Social media users and US media have slammed an editorial cartoon of Serena Williams, comparing it to "Jim Crow caricatures." The cartoonist and a Melbourne newspaper have doubled down in their defense of the drawing.
Australian cartoonist Mark Knight defended his depiction of tennis star Serena Williams at the US Open finals on Tuesday after receiving a wave of criticism calling his drawing racist and sexist.
The cartoon depicts a fat-lipped, large-nosed Williams jumping on her tennis racket, with a baby pacifier nearby — perhaps referencing her status as a new mother or the artist's interpretation of her behavior on the court.
In the background, the umpire leans over to a women ostensibly depicting tournament-winner Naomi Osaka — who is of Haitian-Japanese descent, although the cartoonist gave her long, blonde hair — asking: "Can you just let her win?"
Knight hit back at critics, saying the cartoon was only about the "tantrum" Williams had during the US Open final.
"That's what the cartoon was about, her poor behavior on the court," he told Australian broadcaster ABC. "Nothing to do with gender or racism at all."
Melbourne's Herald Sun newspaper, which published the cartoon on Monday, said that they supported both Knight and the drawing.
"Criticism of Mark Knight's Serena Williams cartoon shows the world has gone too PC & misunderstands the role of news media cartoons and satire," said Michael Miller, executive chairman of News Corp Australasia, which owns the Herald Sun.
The newspaper reprinted the image on the front page of its Wednesday edition.
'Jim Crow caricatures'
Thousands of Twitter users and several US media outlets weren't buying Knight's more harmless interpretation of his cartoon.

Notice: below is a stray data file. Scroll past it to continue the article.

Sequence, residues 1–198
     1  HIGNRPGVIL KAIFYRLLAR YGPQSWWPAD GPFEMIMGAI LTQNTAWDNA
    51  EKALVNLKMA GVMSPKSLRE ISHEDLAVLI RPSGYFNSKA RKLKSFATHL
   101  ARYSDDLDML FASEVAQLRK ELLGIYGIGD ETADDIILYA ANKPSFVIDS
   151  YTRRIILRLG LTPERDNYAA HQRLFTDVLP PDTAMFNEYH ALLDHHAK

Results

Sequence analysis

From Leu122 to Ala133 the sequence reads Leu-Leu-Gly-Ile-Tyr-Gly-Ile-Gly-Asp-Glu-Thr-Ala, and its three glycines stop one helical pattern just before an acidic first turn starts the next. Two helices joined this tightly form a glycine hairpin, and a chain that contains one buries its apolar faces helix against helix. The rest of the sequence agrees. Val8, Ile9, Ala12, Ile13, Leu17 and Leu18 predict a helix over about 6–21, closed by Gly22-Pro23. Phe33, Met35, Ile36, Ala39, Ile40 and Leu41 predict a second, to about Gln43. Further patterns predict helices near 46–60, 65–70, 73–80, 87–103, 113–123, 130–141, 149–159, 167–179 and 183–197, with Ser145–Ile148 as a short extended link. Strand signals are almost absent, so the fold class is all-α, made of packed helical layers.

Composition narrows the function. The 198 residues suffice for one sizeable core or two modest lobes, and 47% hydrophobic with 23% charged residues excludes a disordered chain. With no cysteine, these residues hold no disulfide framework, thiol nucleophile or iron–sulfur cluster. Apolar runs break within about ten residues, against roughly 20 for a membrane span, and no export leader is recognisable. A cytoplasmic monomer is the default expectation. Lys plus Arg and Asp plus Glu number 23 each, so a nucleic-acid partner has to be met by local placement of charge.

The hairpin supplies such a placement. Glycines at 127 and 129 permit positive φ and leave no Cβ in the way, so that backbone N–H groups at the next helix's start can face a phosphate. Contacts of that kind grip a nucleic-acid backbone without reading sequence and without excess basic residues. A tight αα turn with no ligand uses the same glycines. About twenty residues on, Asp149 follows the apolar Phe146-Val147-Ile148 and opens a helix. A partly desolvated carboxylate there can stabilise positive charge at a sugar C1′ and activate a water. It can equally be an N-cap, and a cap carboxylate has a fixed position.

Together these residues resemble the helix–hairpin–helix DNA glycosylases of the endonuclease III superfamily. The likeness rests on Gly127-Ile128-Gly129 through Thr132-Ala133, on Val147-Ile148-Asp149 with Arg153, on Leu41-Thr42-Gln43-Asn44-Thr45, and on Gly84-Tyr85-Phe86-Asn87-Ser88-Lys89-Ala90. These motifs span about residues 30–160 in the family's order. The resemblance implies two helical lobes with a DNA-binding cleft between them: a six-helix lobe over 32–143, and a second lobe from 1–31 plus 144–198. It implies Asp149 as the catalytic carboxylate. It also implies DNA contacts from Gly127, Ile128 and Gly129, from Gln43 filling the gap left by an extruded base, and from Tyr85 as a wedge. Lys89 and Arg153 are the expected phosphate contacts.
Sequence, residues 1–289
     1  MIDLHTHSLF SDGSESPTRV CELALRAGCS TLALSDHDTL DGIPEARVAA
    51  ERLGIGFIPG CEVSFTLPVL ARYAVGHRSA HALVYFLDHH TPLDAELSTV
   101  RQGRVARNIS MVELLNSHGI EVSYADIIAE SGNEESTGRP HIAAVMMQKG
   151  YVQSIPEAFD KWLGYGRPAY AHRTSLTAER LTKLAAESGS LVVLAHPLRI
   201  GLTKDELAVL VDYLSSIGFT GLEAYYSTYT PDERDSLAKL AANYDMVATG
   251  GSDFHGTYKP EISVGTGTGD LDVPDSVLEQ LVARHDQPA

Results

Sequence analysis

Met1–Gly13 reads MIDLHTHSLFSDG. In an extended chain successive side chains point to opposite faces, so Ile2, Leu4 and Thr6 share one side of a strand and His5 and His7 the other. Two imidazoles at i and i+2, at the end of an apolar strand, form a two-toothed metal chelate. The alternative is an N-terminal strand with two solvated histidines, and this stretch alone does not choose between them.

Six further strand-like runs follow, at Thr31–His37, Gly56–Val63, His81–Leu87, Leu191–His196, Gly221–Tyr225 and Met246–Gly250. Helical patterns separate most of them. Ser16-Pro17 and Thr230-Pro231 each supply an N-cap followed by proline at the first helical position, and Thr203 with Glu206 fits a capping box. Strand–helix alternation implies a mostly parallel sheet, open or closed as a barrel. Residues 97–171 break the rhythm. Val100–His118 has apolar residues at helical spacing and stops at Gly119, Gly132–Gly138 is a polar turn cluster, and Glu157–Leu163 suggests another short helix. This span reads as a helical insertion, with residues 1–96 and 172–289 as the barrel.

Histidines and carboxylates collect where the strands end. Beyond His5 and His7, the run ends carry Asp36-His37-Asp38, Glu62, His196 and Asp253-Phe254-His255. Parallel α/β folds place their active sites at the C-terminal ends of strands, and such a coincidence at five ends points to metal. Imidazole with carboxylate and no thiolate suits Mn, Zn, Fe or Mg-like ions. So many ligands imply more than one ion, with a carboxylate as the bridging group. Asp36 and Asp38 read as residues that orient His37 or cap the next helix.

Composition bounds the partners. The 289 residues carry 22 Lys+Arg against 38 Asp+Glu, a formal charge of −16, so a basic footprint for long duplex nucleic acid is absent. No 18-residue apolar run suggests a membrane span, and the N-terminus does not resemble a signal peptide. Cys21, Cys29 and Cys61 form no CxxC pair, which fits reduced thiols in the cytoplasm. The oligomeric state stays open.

British author J.K. Rowling wrote on Twitter that the cartoon used "racist and sexist tropes" and turned Osaka into a "faceless prop."
Numerous US media outlets and social media users also noted Knight's incorrect depiction of Osaka as a petite woman with straight blonde hair. The Haitian-Japanese tennis star is actually taller than Williams and has curly, dark hair with blonde highlights.
The Washington Post ran a column about the cartoon, saying it resembled caricatures circulated widely during decades of racial segregation in the US.
"Knight draws facial features reflecting the dehumanizing Jim Crow caricatures so common in the 19th and 20th centuries," commentator Michael Cavna wrote.
The event that sparked the cartoon occurred during the US Open final on Saturday. Williams was given three code violations for receiving coaching, breaking her tennis racket and for calling the umpire a "thief."
Williams criticized her treatment at the US Open as sexist, saying that men in tennis can get away with arguing or misbehaving on the court, whereas women are penalized. The World Tennis Association backed Williams on Monday, saying that men and women should be treated equally in the sport.
rs,ap/rt (AFP, dpa)